BY JIM WELLS
There is the front or back nine on a golf course, there is ninefold to express a given quantity times, yes, nine; there is a starting lineup consisting of nine in baseball and there is a ninepin bowling designation.
The number applies with equal significance to the number of horses sired by Hes Relentless that ran in Friday night’s MQHRA Futurity trials.
As owner Tom Maher asked, of no one in particular, after the first race on Friday. “There are nine Relentless horses in (Friday’s two trial races),” he said. “Wonder how many will qualify.”
The answer, he soon discovered, was nine. Nine of the 14 horses entered in the two trials. The top 10 horses in Friday’s two trial races qualify for the final on July 7 and its $36,000 purse.
The first of the qualifiers was Maher and Paul Luedemann’s Tipsy Girl B, ridden by Cristian Esqueda, last year’s quarter horse riding champ who returned to Canterbury Park on Thursday night and has won two of the three races he has ridden. “Not bad,” he said after running second in Friday’s second qualifying race. “Two wins and a second in three races.”
Esqueda has ridden primarily for the Jason Olmstead barn since the two met in Iowa two years ago. The relationship is strong enough to hold during the meets at Remington Park, in races they qualify for or enter at Ruidoso as well as during the off months when Esqueda, his wife and son (a second son will join the ranks within the next month) call home the Olmstead ranch in Oklahoma, where Cristian breaks babies and helps train.
Esqueda, fans might recall, has been riding at Canterbury since 2017 and considers Shakopee ”home” during the summer months, Ruidoso home whenever he rides there (“it’s so beautiful,” he said ) and Remington and Oklahoma home when he is there. He is comfortable almost anywhere he lands, a consequence of loving what he does for a living.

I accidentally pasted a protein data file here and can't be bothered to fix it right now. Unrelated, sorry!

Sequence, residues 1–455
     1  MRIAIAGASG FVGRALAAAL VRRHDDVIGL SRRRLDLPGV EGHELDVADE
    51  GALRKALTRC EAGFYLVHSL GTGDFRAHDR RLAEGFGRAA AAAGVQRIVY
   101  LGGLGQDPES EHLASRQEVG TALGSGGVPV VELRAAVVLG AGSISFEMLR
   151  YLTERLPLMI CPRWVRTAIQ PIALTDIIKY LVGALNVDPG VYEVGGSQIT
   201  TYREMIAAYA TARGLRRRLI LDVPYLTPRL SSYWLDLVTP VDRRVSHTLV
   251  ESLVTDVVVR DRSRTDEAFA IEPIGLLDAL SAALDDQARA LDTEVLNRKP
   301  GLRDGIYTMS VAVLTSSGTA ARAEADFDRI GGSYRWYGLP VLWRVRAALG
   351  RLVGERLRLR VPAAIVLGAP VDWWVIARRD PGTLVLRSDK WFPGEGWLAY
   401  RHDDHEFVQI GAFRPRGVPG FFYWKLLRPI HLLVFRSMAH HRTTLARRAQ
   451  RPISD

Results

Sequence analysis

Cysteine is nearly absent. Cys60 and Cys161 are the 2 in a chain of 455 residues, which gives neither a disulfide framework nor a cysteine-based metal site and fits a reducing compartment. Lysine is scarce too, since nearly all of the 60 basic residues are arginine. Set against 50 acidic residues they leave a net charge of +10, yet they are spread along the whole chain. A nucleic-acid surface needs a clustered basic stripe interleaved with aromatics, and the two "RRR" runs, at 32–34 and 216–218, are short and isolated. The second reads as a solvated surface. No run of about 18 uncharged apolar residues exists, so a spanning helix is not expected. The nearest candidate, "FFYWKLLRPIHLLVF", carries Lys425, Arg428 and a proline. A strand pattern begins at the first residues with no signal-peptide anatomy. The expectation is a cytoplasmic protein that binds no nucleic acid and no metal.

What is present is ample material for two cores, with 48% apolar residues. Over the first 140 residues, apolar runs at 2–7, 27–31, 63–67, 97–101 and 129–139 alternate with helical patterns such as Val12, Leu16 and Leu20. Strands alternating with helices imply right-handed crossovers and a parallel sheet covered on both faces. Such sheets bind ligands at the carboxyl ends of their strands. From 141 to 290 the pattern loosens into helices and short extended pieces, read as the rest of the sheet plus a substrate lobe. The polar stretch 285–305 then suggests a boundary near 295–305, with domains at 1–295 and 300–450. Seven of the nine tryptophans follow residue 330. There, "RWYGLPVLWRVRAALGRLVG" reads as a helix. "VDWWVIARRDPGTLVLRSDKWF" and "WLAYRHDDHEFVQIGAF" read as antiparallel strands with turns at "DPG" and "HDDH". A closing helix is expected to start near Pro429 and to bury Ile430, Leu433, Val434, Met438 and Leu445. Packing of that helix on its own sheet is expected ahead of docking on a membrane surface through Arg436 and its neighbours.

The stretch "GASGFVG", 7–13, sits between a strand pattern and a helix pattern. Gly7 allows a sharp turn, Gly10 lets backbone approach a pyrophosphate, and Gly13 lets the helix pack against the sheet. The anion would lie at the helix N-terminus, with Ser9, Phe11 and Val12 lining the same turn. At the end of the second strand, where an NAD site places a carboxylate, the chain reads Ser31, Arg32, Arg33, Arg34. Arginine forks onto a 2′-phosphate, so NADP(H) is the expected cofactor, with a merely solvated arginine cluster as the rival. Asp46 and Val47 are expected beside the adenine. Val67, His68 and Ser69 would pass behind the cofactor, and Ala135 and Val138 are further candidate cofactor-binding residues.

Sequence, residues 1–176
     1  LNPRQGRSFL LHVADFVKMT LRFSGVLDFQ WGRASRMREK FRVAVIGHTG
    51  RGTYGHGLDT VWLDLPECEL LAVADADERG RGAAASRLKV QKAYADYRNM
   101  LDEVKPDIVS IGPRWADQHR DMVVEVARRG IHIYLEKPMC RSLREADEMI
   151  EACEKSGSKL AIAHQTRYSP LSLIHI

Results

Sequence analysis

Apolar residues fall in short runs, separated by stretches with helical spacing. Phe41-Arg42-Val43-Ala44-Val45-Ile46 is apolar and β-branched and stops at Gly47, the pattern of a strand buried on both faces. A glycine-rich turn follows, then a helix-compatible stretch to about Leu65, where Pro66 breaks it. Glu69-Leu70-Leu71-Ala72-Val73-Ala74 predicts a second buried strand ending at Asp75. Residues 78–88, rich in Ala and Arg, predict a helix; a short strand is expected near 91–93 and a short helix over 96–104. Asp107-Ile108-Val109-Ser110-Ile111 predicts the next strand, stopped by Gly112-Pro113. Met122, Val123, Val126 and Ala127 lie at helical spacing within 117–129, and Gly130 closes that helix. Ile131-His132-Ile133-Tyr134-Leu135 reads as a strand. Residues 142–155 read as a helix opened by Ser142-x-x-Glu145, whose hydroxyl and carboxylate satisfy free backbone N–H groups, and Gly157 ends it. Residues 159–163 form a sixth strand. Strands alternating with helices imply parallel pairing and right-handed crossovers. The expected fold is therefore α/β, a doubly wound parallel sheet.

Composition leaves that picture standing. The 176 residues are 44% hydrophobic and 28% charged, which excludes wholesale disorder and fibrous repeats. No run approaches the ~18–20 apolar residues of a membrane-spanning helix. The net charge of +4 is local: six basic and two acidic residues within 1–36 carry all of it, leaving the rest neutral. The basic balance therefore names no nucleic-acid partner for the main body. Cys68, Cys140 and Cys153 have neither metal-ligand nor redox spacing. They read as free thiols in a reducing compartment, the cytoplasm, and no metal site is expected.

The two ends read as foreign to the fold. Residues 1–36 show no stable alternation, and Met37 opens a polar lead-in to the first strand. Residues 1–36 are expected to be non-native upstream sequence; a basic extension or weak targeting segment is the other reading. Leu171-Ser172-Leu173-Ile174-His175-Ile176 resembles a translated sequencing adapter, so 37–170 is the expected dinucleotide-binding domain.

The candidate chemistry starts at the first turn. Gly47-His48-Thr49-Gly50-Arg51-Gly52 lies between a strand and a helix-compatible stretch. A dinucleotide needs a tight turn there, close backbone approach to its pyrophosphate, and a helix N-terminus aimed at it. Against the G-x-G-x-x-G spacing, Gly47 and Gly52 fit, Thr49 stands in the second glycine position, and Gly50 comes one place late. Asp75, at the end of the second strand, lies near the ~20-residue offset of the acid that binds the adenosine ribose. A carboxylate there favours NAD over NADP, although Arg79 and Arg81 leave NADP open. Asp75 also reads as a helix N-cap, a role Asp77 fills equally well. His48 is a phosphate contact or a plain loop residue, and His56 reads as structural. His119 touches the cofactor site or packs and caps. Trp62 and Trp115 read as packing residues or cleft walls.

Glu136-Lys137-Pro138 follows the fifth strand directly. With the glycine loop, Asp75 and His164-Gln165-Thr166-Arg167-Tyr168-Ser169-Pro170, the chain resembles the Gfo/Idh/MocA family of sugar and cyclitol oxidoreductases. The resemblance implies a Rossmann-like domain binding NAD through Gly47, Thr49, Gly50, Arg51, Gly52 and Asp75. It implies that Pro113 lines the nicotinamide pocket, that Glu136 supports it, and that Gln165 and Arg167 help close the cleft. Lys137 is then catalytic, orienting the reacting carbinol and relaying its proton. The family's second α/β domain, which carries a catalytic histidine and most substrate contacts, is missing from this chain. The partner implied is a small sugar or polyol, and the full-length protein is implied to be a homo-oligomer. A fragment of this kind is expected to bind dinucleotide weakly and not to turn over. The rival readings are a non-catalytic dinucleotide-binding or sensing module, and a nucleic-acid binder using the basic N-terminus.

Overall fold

A native of Aquascalientes, Mexico, Esqueda, now 26, was 10 years old when his family moved to Ohio, and he progressively learned the many aspects of racing at the side of his father, who raised and raced quarter horses, a distinction that still holds sway with Cristian. “I don’t care for thoroughbreds,” he said. “I am a quarter horse person.”
There were family relocations to Michigan and Indiana in the years after Ohio and Cristian ultimately found his vocation on the racetrack, where trainers and owners alike respond well to his positive demeanor and strong work ethic.
“Oh, he can ride,” said Olmstead. “And he’s a class act and a good worker.”
Tipsy Girl B was the second fastest qualifier on Friday, covering 350 yards in 18.105, outrun by only HR Storm On In, trained by Vic Hanson and ridden by Doug Frink, who won the second race in 17.978.
For the record, Cristian and his wife, Stephanie, an Indiana native, already know she is carrying a boy, a second son they will name Arley, after the Mexican singer Arley Perez.
There are already other Esquedas on the grounds in Shakopee, soon to be introduced to the racing public. Cristian’s brother Eric, 18, is galloping horses with plans to start riding here in the coming days.
The Esqueda brothers are laying for the groundwork perhaps for Cristian’s sons to one day pick up wherever they leave off. “Oh, yes,” Cristian said, “I would like for them to become riders, too. Then maybe they can accomplish things that I might not be able to.”
That might not be much if he continues to ride as he has the last two summers in Shakopee.